Too many concrete applications of generics, outside of simple containers, would seem to require a greater richness than Delphi 2009 generics currently provide.

    I’m beginning to think that an approach based more on C++ templates would have been preferable (or at least a useful addition, if not instead of).

    A slight tweak to the syntax might yet enable this:

    Average(aData: IEnumerable): Double;

    For which:

    Average(..);

    would be fine but

    Average(..);

    would fail to compile (when the compiler attempts to emit : sum of strings divided by number of strings).

    The operator constraints approach could deal with things in this case more cleanly though:

    Average(aData: IEnumerable): Double;

    This is an off-the-cuff speculation at the sort of contraints specification that might be needed (i.e. T supports Addition of T yielding T and division by T yielding Double).

    Assuming that Addition and Division indicate the calculation of a mean average, the result is surely a floating point of one form or another, not T. I’ve simply opted for Double in my decls above.

  2. Jolyon Smith | September 10, 2008 at 10:01 pm | Permalink

    AAARRGH! Why did no one realise that using < and > in generics syntax would make comments in technical blogs a nightmare!!!!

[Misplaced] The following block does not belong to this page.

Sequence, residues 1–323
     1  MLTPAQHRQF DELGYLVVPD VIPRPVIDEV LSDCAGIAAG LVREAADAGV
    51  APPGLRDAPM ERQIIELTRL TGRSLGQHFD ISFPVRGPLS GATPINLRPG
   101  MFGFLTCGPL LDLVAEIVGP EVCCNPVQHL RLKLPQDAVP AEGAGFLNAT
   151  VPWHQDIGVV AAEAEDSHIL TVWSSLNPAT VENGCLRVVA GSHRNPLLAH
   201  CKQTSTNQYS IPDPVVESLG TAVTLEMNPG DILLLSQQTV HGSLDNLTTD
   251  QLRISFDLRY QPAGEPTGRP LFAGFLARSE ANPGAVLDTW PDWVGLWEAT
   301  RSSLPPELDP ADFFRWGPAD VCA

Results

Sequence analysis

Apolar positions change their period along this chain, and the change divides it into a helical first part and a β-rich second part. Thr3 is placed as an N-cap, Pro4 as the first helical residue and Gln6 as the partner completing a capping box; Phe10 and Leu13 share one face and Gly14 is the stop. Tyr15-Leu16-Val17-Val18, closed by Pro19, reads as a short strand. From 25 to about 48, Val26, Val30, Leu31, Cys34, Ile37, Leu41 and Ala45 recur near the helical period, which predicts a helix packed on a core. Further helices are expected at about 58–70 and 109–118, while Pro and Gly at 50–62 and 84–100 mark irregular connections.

3. Raymond | September 11, 2008 at 2:55 pm | Permalink

    Craig,

    Thanks for taking the time out to work up this series of posts.

    You mention that neither Tlist nor TEnumerable implement IEnumerable in the RTL.

    Would this be hard to add as a modification to a local version of the RTL source?

    Yes, I know everyone will say that will break things in deployed and third party packages etc, and they’d be right. But we don’t use packages, and we recompile from source all our third party components so, so it’s not a problem for us :-)

    Raymond.

  4. Jolyon Smith | September 12, 2008 at 8:13 pm | Permalink

    Fair enough - for some reason that explanation of the return type didn’t register.

    As far as op constraints in generics are concerned, I’ll need to have word with my .NET colleagues all of whom seem to be labouring under a misunderstanding of .NET generics.

    (I don’t doubt you - a quick google seems to confirm that op constraints are also not supported in .NET)